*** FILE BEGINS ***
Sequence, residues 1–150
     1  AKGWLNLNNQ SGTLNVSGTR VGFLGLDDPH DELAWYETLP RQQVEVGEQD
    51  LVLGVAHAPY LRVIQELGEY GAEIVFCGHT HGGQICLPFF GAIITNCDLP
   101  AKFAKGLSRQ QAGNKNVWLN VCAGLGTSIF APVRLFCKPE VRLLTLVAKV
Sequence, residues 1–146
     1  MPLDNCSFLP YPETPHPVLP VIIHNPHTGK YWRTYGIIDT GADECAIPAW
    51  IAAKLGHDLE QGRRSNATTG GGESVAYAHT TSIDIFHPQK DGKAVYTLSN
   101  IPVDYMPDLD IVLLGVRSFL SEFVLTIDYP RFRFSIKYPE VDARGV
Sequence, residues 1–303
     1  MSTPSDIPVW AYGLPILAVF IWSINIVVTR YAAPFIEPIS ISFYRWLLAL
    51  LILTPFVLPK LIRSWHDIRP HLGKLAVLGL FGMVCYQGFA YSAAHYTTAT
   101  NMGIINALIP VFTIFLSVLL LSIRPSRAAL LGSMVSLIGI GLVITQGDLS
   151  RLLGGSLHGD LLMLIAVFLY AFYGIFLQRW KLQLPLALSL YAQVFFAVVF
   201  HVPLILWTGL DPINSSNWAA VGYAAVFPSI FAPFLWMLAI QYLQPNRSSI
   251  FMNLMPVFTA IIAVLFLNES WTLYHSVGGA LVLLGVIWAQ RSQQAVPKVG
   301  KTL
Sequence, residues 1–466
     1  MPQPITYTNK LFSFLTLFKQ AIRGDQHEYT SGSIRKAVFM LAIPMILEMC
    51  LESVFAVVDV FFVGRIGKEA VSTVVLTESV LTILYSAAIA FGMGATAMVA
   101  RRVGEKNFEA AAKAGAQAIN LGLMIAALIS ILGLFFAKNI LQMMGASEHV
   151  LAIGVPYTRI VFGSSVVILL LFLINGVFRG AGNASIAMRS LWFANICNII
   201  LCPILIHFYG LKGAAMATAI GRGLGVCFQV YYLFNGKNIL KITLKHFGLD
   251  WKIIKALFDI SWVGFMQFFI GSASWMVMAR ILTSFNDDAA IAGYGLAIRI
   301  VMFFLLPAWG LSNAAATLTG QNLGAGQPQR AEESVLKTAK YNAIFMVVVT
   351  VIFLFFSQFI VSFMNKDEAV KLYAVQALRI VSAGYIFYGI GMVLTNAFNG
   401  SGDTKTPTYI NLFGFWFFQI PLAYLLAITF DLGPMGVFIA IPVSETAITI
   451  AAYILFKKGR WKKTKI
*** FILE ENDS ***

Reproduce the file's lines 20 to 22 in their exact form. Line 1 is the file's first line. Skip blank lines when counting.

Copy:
   101  RRVGEKNFEA AAKAGAQAIN LGLMIAALIS ILGLFFAKNI LQMMGASEHV
   151  LAIGVPYTRI VFGSSVVILL LFLINGVFRG AGNASIAMRS LWFANICNII
   201  LCPILIHFYG LKGAAMATAI GRGLGVCFQV YYLFNGKNIL KITLKHFGLD